Melbourne woman isolates herself in tent and car amid Covid housing crisis


A woman forced to isolate herself in a tent in her family’s backyard says she is not the only Victorian without adequate emergency accommodation.

A Melbourne woman who tested positive for Covid-19 and who secluded in a tent in her family’s backyard claimed she was not the only Victorian without adequate quarantine accommodation, as cases in the ‘State are approaching maximum levels.

Georgia Millsom, who tested positive for the virus last week, said she was forced to self-isolate in her car and in a tent due to limited emergency accommodation options and not wanting to put his family in danger.

Langwarrin’s wife called the accommodation hotline, but was told no quarantine accommodation would be available due to high demand.

She said she chose to stay in her car before her mother set up a tent in the family yard.

“It’s cold and lonely, but it’s way better than the car,” Ms. Millsom told NCA NewsWire.

“It’s really cold in here – my cough seems to be getting worse.”

Emergency accommodation is available for people in Victoria who need help quarantining or self-isolating safely, but the government says it should be used as a last resort.

It has been prioritized for people who are or live with someone at a higher risk of severe Covid, who are at higher risk of transmitting Covid in a high density environment, or those who work in a frontline profession.

Accommodation places in health hotels are limited and places are offered according to criteria.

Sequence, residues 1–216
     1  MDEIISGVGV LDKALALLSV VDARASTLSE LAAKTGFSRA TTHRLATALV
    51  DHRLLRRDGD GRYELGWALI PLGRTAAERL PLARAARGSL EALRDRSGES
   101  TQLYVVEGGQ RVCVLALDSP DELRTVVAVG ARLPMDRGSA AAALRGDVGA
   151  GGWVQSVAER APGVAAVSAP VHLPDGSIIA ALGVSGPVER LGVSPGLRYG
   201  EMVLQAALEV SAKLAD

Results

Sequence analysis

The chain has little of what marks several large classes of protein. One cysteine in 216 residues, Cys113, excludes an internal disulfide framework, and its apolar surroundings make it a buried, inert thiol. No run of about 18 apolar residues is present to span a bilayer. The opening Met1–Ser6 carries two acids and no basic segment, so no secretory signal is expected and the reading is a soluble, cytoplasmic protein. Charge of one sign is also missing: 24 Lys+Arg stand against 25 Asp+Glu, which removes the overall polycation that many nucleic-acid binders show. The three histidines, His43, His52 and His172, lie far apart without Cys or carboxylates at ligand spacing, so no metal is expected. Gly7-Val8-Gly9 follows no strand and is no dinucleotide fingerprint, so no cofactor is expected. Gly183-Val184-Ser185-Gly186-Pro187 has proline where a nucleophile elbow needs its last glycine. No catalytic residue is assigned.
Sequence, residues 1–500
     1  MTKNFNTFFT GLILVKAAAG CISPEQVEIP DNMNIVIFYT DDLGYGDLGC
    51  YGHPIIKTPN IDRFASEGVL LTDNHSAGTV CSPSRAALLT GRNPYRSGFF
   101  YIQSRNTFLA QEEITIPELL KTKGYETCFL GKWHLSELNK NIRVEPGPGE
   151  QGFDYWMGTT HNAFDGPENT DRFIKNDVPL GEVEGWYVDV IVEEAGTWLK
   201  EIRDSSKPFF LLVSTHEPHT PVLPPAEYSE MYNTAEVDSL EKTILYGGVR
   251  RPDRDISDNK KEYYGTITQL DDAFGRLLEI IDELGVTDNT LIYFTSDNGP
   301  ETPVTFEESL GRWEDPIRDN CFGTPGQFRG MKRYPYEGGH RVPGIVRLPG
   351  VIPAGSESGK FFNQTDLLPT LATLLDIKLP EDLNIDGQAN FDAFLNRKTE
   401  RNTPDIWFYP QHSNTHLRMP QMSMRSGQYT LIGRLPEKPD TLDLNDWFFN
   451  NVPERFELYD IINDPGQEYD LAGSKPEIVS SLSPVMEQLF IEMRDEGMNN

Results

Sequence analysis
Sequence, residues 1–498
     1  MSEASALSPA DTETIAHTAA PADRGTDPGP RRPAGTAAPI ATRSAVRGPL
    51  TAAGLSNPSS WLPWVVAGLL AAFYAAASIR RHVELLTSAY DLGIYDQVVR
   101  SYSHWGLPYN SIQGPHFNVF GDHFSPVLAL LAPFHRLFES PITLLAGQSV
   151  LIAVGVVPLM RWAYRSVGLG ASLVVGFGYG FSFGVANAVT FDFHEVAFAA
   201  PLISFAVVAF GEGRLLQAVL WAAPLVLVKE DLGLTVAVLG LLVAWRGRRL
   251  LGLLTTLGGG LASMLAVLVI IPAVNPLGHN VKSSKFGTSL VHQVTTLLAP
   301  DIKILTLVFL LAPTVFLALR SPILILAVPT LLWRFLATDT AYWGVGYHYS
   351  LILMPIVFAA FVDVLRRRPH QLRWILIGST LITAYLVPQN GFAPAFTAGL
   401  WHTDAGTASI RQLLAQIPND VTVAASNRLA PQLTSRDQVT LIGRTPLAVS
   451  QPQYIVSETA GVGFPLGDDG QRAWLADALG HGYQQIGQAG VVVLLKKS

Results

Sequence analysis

There are currently 1,420 people isolated in quarantine hotels or healthcare hotels, with around 180 local “community” cases included.

The service has reportedly been inundated with requests, as cases in Victoria well exceed 1,000 every day.

Ms Millsom said she was told there was “no guarantee of accommodation” as the service was “overwhelmed”, despite being marked as a high priority case.

She said she made the decision to withdraw her application once she spoke to others in her situation, who she said needed it more.

“I spoke to the Integrated Intake Assessment and Triage Service (IIATS) about segregating other people in their cars and was told they were aware of it,” she said.

“I hope that by highlighting this, our state can provide more accommodation quickly to help others who cannot safely isolate themselves at home, so that others do not need to stay away from home. isolate in their car or in tents. “

It is estimated that around 100,000 Victorians positive for Covid and their close contacts are currently in isolation.

Over 50,000 are primary and secondary contacts, and tens of thousands more are isolated until they test negative.

The government’s handling of hotel quarantine and contact tracing has come under scrutiny in recent months, with critics drawing attention to the backlog in the public list of exhibition sites compared to when people first get a positive result.

A new pilot program is also monitoring those who are isolated, where people receive random phone calls and have to send a selfie to an app that tracks a person’s location and identity.

Opposition health spokeswoman Georgie Crozier said there were still problems with the state’s quarantine systems.

“The government has completely botched the management of Covid – it’s a mess,” Ms Crozier said.

“If they had rolled out rapid tests and implemented common sense measures, healthcare facilities such as hospitals and general practitioners would not have had so many staff on leave, putting so much pressure on our system. health.”

The Ministry of Health is requested for comments.

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